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How To Avoid Becoming A Content Farm

Google wants to improve its search results and has been working to improve its results in several updates over the last year. The last update called Panda by Google and Farmer by the community has had a significant impact on sites known as content farms. These sites are often large sites where content is developed by commission paid writers who develop content with the purpose to gain high rankings on search engines and attention in social media.

If you understand that content farms were focused on ROI from advertising, you'll understand why part of there strategy was to make content good enough to get a search ranking, but not quite good enough to satisfy a reader's quest for answers, rather, content farmers want to entice readers into clicking ads that will satisfy the searcher and so charge a premium for their content. This article discusses several insights from content farm owners, and the point about quality and ads. 

Google's changes to its algorithm that have resulted in loss of traffic to important content farms. One documented loss of traffic was to, where the changes in traffic have resulted in job layoffs at the company.

This leads to the question why were sites penalized in the recent round of changes to the Google algorithm, and how can you avoid the same penalty?

  • From the horse's mouth -- Google's take on quality content. I found this great quote from Google in this Mashable article: “You can expect sites with shallow or poorly written content, content that’s copied from other websites, or information that people frankly don’t find that useful will be demoted as a result of our recent algorithm changes,” stated the rep. “On the other hand, high quality pages — pages with original content and information such as research, in depth reports or thoughtful analysis — will get a boost.”
  • Poor off-site linking strategies can still hurt your ranking results. As this great article illustrates, even if you built a site with great content, but if you have received most of your links from shallow content sites as part of your linking strategy, your results will be lower. Focus should be on gaining higher quality links from high quality websites. I personally found this very encouraging, I've long argued that blogging and social media communities the emphasis should be on developing relationships with colleagues in a community, and as a result of those relationships you will gain links from people who appreciate your content. This update to Google strengthens this tactic.
  • Avoiding news release content duplication. Excellent article on the topic of duplication of press release content. This issue is certainly something both media sites and PR people should consider, there's a process of education here, where PR people can openly state they are giving individual media outlets and people exclusives on content and issues, not just because there's an advantage, but also because we want to avoid duplication of press release content.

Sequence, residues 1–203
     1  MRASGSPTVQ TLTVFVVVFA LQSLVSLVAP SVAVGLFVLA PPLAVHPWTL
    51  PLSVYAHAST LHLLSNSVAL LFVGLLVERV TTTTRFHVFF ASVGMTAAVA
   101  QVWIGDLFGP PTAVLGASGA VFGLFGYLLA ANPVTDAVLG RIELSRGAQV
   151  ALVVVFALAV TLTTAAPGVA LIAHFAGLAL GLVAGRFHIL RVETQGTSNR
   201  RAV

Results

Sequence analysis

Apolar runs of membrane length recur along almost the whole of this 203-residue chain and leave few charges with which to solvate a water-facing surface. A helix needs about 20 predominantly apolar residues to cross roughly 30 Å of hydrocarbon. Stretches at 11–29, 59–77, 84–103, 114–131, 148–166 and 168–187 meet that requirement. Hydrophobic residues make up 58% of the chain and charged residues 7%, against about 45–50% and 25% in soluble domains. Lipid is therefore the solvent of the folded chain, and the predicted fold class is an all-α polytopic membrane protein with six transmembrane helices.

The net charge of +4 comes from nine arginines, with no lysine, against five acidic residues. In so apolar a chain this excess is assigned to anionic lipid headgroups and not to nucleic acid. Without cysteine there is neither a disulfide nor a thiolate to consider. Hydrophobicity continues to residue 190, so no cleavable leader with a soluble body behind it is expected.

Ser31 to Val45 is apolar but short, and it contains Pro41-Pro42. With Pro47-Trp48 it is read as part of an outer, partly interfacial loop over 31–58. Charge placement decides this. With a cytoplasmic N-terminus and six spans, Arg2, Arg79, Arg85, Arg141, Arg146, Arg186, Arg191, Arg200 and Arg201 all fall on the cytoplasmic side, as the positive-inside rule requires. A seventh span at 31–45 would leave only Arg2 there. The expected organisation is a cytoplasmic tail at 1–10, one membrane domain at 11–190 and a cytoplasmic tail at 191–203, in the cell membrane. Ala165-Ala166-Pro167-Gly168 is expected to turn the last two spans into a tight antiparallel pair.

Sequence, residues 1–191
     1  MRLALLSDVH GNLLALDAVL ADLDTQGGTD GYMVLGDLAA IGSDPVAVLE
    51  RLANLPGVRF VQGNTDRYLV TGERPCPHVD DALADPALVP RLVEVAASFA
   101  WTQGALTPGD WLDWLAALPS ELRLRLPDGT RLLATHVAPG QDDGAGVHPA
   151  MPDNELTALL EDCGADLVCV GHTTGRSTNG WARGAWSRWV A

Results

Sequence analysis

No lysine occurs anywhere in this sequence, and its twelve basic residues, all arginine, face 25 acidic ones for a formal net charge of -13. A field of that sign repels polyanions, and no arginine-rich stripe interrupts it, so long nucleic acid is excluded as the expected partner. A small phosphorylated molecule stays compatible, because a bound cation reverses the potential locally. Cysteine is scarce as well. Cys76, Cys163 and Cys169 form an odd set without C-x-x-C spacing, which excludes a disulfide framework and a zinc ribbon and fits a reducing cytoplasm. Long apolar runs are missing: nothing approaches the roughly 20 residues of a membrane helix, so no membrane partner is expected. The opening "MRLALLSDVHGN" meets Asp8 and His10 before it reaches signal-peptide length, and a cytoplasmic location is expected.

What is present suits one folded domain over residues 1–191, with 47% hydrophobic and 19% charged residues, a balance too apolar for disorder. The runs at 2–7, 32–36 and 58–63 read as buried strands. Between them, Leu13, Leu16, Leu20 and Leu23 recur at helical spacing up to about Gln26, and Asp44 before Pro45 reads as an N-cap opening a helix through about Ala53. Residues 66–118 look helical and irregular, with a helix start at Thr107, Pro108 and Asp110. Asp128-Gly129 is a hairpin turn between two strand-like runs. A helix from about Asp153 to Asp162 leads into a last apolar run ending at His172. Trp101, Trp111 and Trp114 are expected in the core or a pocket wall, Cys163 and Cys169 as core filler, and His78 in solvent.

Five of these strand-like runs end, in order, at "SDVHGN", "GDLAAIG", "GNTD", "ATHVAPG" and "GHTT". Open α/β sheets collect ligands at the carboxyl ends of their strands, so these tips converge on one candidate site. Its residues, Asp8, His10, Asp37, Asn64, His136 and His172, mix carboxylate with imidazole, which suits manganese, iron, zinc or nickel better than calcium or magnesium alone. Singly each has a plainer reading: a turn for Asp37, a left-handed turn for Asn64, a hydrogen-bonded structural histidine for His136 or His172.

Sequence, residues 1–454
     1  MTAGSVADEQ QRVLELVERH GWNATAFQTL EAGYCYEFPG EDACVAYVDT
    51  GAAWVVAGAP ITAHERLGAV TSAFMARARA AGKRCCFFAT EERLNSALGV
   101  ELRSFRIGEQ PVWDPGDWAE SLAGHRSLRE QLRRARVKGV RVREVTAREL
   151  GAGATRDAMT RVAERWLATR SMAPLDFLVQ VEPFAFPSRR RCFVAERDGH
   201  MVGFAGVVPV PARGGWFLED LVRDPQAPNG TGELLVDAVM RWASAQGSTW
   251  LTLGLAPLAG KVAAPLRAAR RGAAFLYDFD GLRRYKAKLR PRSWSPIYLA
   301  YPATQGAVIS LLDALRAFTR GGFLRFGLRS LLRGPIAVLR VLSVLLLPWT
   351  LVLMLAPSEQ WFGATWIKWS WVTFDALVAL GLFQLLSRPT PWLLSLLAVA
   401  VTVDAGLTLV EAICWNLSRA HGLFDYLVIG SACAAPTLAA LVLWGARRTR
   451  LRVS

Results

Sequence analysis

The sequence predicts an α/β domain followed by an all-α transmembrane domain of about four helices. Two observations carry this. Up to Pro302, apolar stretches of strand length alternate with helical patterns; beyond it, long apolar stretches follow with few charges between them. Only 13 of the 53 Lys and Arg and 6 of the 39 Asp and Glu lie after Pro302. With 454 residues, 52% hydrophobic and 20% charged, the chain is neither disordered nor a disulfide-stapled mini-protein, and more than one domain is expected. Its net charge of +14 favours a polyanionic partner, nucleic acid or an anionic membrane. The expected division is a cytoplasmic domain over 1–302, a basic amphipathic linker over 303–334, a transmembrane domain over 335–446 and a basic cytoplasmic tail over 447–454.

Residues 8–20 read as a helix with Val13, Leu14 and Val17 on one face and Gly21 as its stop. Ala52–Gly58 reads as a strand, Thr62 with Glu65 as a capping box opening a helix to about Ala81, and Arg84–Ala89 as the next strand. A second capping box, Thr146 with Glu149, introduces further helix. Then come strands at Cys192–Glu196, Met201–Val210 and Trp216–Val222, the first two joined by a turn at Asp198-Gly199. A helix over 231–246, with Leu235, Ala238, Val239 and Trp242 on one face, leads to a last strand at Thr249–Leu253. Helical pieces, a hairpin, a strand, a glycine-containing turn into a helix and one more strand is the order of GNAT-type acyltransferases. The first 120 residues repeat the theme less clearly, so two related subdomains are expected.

• Request webmasters take down links when their sites have low-quality content. At the businessInsider, John McPheeFormic Media Inc., a social media marketing agency stated the following, "Track the links to your site as well as you can, and request the low-quality sites to take down their links. It’s a matter of negative association, and it’s not worth the backlink!"
  • An ad-to-content ratio that favors ads. This article talks about a lot of factors you need to avoid in building a successful content site, but what stood out for me was the point that if you have too many ads to your volume of content, Google will penalize your rankings. Remove ads, or increase your volume of content to improve your ratio.
  • Identify your content as the original content. Good advice in this article for SEO's. If you duplicate content once or twice, it is possible to avoid being labeled a site with duplicate content, use the original source meta tag and copysource service to distinguish your content as original, or not get penalized for duplicating content. 
  • Manage the quality and length of your content. This comprehensive post answers many of your quesitons about the Farmer update, but I found the idea of thinking about how you manage the quality of your content to improve your standings the most insightful.  Put a no robots follow tag on any low quality content. Bruce Clay's advises that you mix up your word length of articles.  Plus, determine how often Google is crawling your website, and use this information to help determine when you can expect to see changes in your results, as well as what you may need to do in terms of increasing content production.